An attorney for the child is not a surrogate judge to the family court judge, nor should s/he be treated as one. The one in your case is possible imposing more of her views than the child's if the child is not expressing her preferences, but if that's not the case, she should be advocating the child's wishes. A professional AOC must ethically voice the child's opinion, even if at odds with her own. Some do a great job, I have seen, and some not so great in that respect.
If you found this "helpful" or "best answer," please click it with my appreciation. My response is for educational purposes and does not constitute legal advice nor creates an attorney client relationship which requires all the details and a personal conference.
The attorney for the child (law guardian) does not have any duty to go to either home. Their only duty is to meet with their client. While many would feel it necessary to see the child with both parents when the child is so young to try to have a better understanding of their needs, desires, and best interests, the attorney for the child is free to represent their client how they see fit. You cannot require that they go to your home.
Agreed with the other attorney. Further, some times (not every time, but some times) the guardian does not waste time at one party's house since they have no concerns about that party. Sometimes the less a guardian or judicial officer asks, the better.
Any answer given is an opinion based on facts presented and does not constitute legal advice. www.joshuapops.com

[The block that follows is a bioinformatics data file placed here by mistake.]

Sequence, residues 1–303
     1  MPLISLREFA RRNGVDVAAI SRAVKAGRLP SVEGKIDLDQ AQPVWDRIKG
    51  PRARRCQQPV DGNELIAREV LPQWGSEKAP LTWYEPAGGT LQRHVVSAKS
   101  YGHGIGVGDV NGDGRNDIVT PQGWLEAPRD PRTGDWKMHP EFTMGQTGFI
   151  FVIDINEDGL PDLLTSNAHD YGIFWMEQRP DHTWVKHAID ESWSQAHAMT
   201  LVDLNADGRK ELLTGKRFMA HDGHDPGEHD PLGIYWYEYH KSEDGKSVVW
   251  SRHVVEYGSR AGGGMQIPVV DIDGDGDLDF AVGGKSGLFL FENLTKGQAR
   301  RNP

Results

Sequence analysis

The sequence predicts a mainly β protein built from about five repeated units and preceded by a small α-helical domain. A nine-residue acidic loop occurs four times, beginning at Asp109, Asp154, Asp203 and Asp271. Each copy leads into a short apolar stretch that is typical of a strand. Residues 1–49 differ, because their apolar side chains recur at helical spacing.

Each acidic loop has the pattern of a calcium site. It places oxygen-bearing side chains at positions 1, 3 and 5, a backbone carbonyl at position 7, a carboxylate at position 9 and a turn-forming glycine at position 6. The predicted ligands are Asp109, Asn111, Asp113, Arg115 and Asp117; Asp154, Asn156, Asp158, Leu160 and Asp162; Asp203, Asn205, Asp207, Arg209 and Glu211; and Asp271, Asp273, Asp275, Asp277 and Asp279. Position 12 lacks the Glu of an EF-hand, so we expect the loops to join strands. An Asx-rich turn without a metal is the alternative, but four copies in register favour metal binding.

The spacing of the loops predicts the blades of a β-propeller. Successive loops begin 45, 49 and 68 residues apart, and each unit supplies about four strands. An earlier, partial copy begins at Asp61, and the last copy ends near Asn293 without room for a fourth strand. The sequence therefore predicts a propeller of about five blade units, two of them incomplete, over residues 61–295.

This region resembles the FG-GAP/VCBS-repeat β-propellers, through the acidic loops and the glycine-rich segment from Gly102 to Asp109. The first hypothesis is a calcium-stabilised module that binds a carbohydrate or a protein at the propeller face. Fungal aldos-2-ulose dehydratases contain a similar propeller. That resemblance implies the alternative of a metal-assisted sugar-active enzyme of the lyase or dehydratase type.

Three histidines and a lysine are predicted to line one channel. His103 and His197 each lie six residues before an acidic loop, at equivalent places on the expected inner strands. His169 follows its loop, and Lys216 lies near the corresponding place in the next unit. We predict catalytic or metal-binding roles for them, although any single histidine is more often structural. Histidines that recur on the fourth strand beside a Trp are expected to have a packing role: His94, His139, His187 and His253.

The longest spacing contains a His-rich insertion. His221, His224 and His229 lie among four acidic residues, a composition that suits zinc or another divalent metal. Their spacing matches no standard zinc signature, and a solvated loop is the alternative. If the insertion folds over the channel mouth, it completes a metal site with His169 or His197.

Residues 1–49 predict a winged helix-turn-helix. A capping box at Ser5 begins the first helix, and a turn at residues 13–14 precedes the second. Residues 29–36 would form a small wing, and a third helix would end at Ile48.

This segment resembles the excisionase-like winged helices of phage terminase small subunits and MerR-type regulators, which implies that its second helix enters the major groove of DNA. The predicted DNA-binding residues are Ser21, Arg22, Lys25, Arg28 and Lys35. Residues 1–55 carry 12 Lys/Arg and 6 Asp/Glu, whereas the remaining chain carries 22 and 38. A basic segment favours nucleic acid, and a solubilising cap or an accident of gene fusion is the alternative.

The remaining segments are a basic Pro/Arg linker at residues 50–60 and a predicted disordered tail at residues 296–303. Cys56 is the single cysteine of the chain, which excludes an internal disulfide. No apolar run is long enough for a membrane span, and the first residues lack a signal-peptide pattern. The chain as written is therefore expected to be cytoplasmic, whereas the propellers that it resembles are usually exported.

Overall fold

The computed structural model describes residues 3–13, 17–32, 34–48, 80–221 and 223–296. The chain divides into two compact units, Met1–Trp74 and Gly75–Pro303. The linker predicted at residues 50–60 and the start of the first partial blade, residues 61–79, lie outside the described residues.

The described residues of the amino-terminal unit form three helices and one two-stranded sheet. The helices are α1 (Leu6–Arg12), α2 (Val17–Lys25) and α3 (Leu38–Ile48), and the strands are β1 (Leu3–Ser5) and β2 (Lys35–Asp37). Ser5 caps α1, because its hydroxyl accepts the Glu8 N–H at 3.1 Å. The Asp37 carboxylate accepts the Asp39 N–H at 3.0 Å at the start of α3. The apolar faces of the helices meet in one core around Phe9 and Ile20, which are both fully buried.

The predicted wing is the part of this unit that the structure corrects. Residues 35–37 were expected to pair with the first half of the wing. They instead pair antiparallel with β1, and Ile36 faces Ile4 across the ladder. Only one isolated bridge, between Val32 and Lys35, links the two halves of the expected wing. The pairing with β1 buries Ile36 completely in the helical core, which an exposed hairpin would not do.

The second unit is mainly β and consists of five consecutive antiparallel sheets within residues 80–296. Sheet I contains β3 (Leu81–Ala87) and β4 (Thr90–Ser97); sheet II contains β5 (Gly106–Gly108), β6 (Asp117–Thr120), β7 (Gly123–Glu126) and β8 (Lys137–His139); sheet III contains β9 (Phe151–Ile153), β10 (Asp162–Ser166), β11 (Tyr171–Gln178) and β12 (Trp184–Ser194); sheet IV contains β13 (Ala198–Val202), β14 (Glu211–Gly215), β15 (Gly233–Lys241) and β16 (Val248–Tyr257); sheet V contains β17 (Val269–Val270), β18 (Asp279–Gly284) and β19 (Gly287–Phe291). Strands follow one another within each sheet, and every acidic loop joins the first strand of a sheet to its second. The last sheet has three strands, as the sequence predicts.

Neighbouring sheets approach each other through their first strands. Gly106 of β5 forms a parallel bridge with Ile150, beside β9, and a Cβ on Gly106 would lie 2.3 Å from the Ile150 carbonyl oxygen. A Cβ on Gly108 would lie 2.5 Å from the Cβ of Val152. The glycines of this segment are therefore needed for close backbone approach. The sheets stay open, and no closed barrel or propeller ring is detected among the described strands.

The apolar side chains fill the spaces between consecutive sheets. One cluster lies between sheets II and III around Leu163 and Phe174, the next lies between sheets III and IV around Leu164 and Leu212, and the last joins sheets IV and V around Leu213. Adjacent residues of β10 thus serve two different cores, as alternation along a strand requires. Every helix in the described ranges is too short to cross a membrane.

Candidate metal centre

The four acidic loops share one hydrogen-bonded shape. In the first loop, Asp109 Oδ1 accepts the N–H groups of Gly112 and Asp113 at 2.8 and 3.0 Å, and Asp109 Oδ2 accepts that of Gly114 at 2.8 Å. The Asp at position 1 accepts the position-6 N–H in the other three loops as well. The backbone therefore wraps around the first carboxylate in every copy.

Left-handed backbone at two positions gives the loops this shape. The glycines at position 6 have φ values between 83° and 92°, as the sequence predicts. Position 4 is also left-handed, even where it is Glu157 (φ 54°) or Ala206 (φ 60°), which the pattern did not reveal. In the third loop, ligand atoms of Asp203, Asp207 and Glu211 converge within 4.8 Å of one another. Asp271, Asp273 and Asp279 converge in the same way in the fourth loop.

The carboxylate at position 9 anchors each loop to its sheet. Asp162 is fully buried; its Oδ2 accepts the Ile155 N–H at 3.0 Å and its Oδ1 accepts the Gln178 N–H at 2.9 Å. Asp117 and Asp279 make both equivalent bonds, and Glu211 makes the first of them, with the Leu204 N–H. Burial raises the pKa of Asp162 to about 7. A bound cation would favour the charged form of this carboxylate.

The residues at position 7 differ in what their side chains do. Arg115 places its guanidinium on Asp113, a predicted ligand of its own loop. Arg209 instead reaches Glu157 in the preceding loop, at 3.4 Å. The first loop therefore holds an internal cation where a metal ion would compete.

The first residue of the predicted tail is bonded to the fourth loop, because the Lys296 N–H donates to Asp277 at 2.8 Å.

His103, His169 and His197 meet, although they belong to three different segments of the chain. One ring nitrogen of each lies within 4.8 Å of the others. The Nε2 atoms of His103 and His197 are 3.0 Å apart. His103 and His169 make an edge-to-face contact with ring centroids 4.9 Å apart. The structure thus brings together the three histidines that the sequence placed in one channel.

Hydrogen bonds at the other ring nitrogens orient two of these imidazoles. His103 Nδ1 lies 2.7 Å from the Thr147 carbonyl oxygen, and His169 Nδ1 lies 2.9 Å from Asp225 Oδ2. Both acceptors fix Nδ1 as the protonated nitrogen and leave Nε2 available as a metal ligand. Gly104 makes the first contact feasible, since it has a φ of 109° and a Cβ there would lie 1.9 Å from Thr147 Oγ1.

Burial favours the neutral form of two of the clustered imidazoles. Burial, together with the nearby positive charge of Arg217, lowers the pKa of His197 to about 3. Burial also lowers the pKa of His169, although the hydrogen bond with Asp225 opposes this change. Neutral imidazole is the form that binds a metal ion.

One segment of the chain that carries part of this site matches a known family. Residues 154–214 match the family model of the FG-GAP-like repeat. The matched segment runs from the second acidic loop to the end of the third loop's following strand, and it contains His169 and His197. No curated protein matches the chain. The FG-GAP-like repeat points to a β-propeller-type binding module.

The child's attorney is not required to meet with either parent or to visit either of your homes. The only obligation the child's attorney has is to meet with their client, your child. The attorney for the child coming to your house is not relevant for purposes of your potential custodial change. At any hearing on the issue of custody, you can always present photographs of your house, if you think that has a bearing on the outcome of the judges decision after a hearing. You are also not required to embrace the opinion and report of the child's attorney. If you don't agree what the recommendations of your child's attorney, then ask for a hearing on your petition. Alternatively, if you and the child's mother agree that the child should spend 50 percent of his time with the both of you, then enter into an agreement changing the schedule so that it works out that way. Perhaps its more of a child support issue then a custody issue for the mother, if she is rejecting a 50/50 shared parenting schedule despite the child's wishes. Look at Baraby v. Baraby, 250 A.D.2d 201 (3rd Dept. 1998) for the interplay between a 50/50 custody split and child support.
I agree with the previous answers. The attorney for the child probably went to the mother's home to interview the child because s/he felt that it would be a more relaxed atmosphere for a young child. Here in NYC, the court will sometimes ask CPS to do an investigation and report in order to get information on the homes of the parents. Some attorneys fro children will not go to a home because it puts them in the position of being a witness if they observe something that they feel compelled to report.
As a general proposition, the system does not "work against" either parent. The court really tries to do what is in the child's best interest. Sometimes things just seem unfair from a litigant's perspective. My biggest problem is that too often the AFC will accept the words of a child that s/he doesn't want to visit with the non-custodial parent, without probing deeper to see if the child is being coached to say that.
The best thing is to not discuss the case with the child or try to pressure him one way or the other. The truth (almost) always come out.
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